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I am trying to follow this tutorial here https://www.microsoftpressstore.com/articles/article.aspx?p=2201303 specifically the part where it mentions x kernel32!writeprocessmemory

I am unable to find the method kernel32!WriteProcessMemory = even though documentation mentions it but i can find kernel32!_imp__WriteProcessMemory and kernel32!WriteProcessMemoryStub. I am new to windbg and trying to follow the tutorial so i am not sure if this method has been deprecated and if so, what is it's substitute and how do we achieve similar functionality.

Thanks

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  • 0:000> .foreach (place { x /1 kernel32!*wrprme*} ) { dps place l1 } from windows 7 onwards many functions have been moved into different dlls and API-SET is used which resolves all these old functions to new dlls you are probably using an xp era tut / doc
    – blabb
    May 16, 2020 at 5:21

1 Answer 1

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The exported WriteProcessMemory function in fact points to the kernel32!WriteProcessMemoryStub stub which itself jumps onto the kernel32!__imp_WriteProcessMemory which redirects to the kernelbase DLL which is the "real" location for this function.

Let's check with a link dump:

C:>link /dump /exports c:\windows\system32\kernel32.dll | findstr /I WriteProcess
       1579  62A 00036C50 WriteProcessMemory

0x36C50 is the RVA where the function "WriteProcessMemory" resides in kernel32 (as given by the export table). Now in windbg:

0:007> ln kernel32 + 0x36c50
Browse module
Set bu breakpoint

(00007ff9`4a6e6c50)   KERNEL32!WriteProcessMemoryStub   |  (00007ff9`4a6e6c60)   KERNEL32!ZombifyActCtxStub

We have an exact match which is in fact the KERNEL32!WriteProcessMemoryStub function. If we look at it:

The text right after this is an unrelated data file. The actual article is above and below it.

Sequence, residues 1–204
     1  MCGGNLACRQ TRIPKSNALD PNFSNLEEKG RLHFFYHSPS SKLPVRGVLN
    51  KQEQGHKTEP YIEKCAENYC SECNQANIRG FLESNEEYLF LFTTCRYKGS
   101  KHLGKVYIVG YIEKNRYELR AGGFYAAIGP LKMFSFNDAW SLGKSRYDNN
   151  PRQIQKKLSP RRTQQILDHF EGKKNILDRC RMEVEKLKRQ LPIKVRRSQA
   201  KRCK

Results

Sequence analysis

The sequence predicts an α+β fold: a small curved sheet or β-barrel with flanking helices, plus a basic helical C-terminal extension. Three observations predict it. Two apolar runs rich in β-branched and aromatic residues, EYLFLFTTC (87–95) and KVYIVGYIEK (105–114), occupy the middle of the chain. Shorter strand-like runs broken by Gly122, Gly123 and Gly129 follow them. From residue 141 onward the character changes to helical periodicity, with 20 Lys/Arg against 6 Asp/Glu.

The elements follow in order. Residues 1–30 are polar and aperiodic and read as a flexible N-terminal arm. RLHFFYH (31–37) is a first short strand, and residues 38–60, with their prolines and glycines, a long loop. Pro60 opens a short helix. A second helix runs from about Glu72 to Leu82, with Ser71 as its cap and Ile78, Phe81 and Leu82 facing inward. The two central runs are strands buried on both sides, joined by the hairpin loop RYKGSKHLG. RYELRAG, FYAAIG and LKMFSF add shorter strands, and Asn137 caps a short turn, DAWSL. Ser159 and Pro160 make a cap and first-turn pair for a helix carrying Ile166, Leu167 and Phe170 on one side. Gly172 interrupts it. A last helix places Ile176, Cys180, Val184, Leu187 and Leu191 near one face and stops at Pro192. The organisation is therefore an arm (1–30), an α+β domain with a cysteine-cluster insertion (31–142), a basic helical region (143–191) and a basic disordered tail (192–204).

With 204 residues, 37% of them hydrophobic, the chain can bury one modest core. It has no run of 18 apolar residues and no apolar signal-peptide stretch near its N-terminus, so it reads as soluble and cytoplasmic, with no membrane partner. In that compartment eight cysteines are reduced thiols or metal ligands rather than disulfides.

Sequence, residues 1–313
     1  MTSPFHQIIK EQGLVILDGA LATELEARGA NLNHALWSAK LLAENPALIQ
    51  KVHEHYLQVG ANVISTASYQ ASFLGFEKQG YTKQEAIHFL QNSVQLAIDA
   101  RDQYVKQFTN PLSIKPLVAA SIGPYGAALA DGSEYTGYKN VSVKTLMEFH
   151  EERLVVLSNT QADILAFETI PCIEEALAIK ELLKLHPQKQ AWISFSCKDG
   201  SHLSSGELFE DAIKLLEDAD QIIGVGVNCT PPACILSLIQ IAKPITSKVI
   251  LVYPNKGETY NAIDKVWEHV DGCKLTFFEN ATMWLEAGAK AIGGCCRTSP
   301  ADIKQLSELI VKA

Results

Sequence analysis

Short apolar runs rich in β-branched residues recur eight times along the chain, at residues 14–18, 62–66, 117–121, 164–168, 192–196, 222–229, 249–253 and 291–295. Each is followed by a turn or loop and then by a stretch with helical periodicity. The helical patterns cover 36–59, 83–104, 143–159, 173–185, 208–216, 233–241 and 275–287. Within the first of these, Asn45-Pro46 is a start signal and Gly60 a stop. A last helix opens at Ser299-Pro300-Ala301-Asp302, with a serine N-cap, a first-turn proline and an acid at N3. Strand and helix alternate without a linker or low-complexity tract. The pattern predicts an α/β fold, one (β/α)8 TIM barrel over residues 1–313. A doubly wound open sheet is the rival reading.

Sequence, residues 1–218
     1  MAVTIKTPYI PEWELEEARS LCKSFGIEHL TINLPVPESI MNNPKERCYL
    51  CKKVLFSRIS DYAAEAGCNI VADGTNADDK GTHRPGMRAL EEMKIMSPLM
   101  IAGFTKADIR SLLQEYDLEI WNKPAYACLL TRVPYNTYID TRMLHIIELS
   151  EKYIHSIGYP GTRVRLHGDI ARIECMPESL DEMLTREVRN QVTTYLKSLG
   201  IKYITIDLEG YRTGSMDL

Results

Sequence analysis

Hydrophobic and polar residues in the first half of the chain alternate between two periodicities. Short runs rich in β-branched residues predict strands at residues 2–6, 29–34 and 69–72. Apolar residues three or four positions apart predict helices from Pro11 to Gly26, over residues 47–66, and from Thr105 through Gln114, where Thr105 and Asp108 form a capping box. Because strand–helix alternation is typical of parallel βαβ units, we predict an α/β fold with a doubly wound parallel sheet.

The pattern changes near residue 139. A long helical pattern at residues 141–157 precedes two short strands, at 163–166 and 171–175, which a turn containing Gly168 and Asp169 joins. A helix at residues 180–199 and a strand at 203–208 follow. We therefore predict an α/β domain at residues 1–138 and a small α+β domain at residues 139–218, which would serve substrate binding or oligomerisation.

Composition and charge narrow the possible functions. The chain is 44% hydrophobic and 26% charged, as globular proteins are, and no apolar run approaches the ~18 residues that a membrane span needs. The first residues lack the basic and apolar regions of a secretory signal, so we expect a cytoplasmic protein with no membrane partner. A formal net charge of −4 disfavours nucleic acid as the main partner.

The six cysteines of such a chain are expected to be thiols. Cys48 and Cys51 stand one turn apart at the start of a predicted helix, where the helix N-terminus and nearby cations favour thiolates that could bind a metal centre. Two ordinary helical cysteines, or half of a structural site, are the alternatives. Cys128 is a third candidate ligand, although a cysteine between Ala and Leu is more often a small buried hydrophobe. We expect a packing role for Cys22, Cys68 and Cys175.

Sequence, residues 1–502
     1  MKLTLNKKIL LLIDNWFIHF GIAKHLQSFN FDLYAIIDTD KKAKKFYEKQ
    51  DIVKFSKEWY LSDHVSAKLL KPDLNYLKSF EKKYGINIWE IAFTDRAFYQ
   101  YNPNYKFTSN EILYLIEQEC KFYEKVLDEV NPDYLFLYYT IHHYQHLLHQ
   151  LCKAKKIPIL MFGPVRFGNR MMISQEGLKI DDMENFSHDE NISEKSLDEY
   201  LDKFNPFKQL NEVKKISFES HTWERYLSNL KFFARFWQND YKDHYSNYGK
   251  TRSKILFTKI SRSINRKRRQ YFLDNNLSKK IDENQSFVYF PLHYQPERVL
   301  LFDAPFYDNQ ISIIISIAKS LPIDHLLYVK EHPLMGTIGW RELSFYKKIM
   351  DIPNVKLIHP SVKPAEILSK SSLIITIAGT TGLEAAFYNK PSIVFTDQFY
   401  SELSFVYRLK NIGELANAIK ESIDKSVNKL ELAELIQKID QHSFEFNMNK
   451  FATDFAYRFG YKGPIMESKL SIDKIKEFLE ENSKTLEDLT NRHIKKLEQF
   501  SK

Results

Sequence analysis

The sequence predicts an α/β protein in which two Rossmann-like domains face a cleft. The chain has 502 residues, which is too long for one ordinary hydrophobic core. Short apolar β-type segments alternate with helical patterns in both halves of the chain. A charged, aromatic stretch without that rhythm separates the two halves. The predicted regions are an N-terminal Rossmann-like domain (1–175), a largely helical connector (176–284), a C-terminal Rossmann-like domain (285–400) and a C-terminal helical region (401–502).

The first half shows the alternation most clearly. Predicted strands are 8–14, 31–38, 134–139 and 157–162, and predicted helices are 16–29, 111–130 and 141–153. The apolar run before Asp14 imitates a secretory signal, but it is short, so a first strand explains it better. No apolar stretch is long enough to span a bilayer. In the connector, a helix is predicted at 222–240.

0:007> u KERNEL32!WriteProcessMemoryStub
KERNEL32!WriteProcessMemoryStub:
00007ff9`4a6e6c50 48ff2599150400  jmp     qword ptr [KERNEL32!_imp_WriteProcessMemory (00007ff9`4a7281f0)]
00007ff9`4a6e6c57 cc              int     3

We can see it's just a jump to KERNEL32!_imp_WriteProcessMemory (located somewhere in the .idata section of kernel32).

Now if we look at what is contained at this location, we have a pointer:

0:007> dp KERNEL32!_imp_WriteProcessMemory L1
00007ff9`4a7281f0  00007ff9`496f0ca0

If we ask windbg what is this pointer:

0:007> ln 00007ff9`496f0ca0
Browse module
Set bu breakpoint

(00007ff9`496f0ca0)   KERNELBASE!WriteProcessMemory   |  (00007ff9`496f0dc4)   KERNELBASE!OpenWow64CrossProcessWorkConnection
Exact matches:
    KERNELBASE!WriteProcessMemory (void)

We can see that in fact the "real" location for the WriteProcessMemory is in fact in kernelbase.dll.


note: you can actually do the last two commands in one with dps:

0:007> dps KERNEL32!_imp_WriteProcessMemory L1
00007ff9`4a7281f0  00007ff9`496f0ca0 KERNELBASE!WriteProcessMemory

Windbg command used:

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  • Thank you so much! by any chance do you recommend some resources for windbg learnings, there seems to be an overwhelming number but none that set you into practice!
    – Mohamed341
    May 14, 2020 at 6:53
  • One more question when i am checking the stack i notice in some examples it has format of CHILD EBP Return address and then information. While in mine it shows CHILD SP return address and information, is there a reason some stacks with k command show up differently?
    – Mohamed341
    May 14, 2020 at 20:56
  • @Mohamed341 1) The only "tutorial" I can think of, on the top of my head, is in the Practical Reverse Engineering Reversing book (disclaimer: it was written by friends of mine) There's a dedicated chapter about practicing with windbg. 2) It depends on the windbg 'flavor' you are using: the x86 version shows "Child EBP" while the x64 version shows "Child SP" (even when debugging x86 code).
    – Neitsa
    May 15, 2020 at 8:11

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